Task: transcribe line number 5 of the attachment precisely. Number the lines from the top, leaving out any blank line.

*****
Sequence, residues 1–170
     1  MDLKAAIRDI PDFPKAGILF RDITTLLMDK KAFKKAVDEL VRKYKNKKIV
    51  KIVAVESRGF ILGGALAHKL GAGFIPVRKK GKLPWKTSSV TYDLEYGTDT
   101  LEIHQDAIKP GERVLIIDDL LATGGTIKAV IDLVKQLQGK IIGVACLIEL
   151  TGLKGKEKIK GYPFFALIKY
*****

   151  TGLKGKEKIK GYPFFALIKY